All Things Pretty, Part Two (Pretty #3.5)

by M. Leighton

Before I can even formulate a next move, I hear a door open.  It whips so hard it hits the stopper on the concrete wall.  Tommi is practically running toward me. Something’s wrong.

My heart leaps up into my throat.  Chest gets tight, lungs strain to move, pupils dilate–my entire body is ready for battle.

I get out and meet her in front of the truck, taking her upper arms and bending to look into her eyes. “What’s wrong? Did he hurt you?  So help me God–”

“No,” she breathes frantically. “It’s Travis.  Oh my god, Sig, they took Travis!  That bastard has my brother!”


Without even thinking, the cop in me takes over.  Calmly, I stare into Tommi’s eyes.  “Back up and tell me what happened.  What did he say?”

“He…he…” she gasps, almost hiccupping she’s so distraught.

“Slow down.  You need to stay as calm as you can, okay? I know it’s not easy, but you can’t help him if you can’t think straight.”

She stares up at me, all wide-eyed and beautiful even in her distress.  I see her struggle for control, I watch as she gulps in a huge breath of air and exhales slowly, calming herself.  “Lance.  He said that traitors don’t have any place in his life and that he’s with someone named Drake.”

“Wait, wait, wait.  Who’s Drake?” I ask.  I don’t remember hearing the name.

“I don’t know, but Sig, I know Lance.  I’ve heard talk of the kinds of things he and his men do when they’re trying to get answers.  I can’t…I can’t let them… oh my god, Travis.”

Tommi covers her face and sort of folds in on herself, crunching into a tiny ball right in front of me.  I bend down and unroll her enough to pick her up and carry her to the passenger side of the truck.  By the time I get her buckled in, she’s sobbing uncontrollably.

“Hey,” I tell her, pulling her hands away from her face until she looks at me.  “I won’t let anything happen to your brother. I promise.  Remember when I told you that you can trust me? I meant it. You can tell me anything.  Anything at all. It won’t make me feel any differently about you. I promise you that, too.”

Quietly, she searches my eyes.  I hold her gaze, wishing that there was some way I could sear it onto her brain and make her believe my words.  But I can’t. The only thing I can do is prove it. Over and over and over, until she can’t not believe me.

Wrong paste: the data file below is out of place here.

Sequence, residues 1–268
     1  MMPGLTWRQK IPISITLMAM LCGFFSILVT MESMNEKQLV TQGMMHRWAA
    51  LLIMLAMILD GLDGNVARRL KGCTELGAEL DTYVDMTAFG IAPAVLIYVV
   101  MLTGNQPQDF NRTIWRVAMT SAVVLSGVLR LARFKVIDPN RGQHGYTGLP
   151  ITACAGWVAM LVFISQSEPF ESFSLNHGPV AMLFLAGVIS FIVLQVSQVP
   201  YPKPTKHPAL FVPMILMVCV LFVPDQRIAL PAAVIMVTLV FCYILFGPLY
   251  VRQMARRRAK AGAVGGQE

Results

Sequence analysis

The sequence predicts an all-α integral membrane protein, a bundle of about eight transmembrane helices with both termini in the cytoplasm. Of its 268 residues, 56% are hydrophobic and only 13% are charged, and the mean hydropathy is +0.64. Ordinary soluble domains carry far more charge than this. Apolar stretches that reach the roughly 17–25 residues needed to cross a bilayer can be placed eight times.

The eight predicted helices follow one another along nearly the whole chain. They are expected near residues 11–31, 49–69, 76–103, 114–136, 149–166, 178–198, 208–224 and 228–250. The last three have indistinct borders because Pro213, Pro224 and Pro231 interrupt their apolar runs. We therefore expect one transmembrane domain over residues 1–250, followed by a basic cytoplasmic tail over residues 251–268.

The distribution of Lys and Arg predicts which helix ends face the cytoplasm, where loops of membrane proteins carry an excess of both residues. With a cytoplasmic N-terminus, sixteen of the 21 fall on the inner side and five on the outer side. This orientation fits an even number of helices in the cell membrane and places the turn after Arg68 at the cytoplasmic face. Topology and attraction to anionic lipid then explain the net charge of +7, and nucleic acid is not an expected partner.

“Did you call Travis already?  Try his phone?”

She nods.  “In the elevator. On the way down. No answer.”  She starts to cry again.  “Sig, he always answers when I call.”

“We’ll start at the house and work our way from there.  We’ll find him, baby.  We’ll find him.”

Once we’re on the road, on our way back to Tommi’s, I wait for her sobs to dwindle to sniffles before I start to ask questions.  Luckily these are questions that anyone in my situation would ask, not just a cop.

“Tell me how Travis is involved with Lance,” I encourage gently.

Tommi glances over at me, her brow furrowing.  A wary look steals over her face and locks her open expression behind a cage of suspicion.  “He’s my brother.  He’s involved with Lance through me.”

“And that’s all?  That’s all that you know of?”

“That’s all that I know of.  Why?”

I sigh. “Tommi, look.  When guys like Lance mention things like ‘traitor,’ it’s usually because someone they’ve trusted has turned on them somehow.  What would he have trusted your brother with?  Is there any history at all that you aren’t telling me about?  Or that you could be overlooking?”

Keeping my attention divided between her and the road, I don’t miss it when she starts to gnaw at her bottom lip.  It’s a nervous thing.  Not a scared thing; a nervous thing.  And there’s only one reason that I can think of that she’d be nervous.

“You have to tell me.  You have to trust me. I’m the only one who can help you now. Surely you know that.”

She leans her head back and closes her eyes, obviously debating the wisdom of sharing some of her secrets.  When she finally raises her head, I don’t say anything. I just wait.  Wait for her to come to the right conclusion.  “Travis has a friend. His name is Trip. I’ve never liked him, but I was so happy that Travis had finally made a friend, I didn’t forbid him to hang out with him.  I guess I always wondered if he would end up getting Travis into trouble.”

“You think he’s a bad influence?”

“I know some things about his older brother, some things he used to do for Lance.  I suppose I just always hoped…and prayed that Travis would never do something like that. Not after–”

She stops suddenly, like she caught herself before she said too much.  I give her a few seconds. See if she’s going to continue without prompting. When she doesn’t, I give her a nudge.

“Not after what?  Don’t shut me out now, Tommi. This is too important.”

She looks over at me, her heart in her eyes.  Her heart and fear and sadness.

“I had another brother.  He-he got in with the wrong crowd.  Got into drugs. It didn’t end well.”

Another brother.  She has another brother. Her file, Tommi’s file, read one brother and one sister.  She’s not old enough to have given birth to Travis, although sometimes she acts like she did. Like he’s her son.

But he’s not.  He’s her brother. Isn’t he?

I find myself questioning everything I know about her.  Well, everything I think I know about her.

“By the ‘wrong crowd,’ do you mean this Trip kid’s older brother?”

She nods, casting her eyes down to where she’s picking at her fingernails again.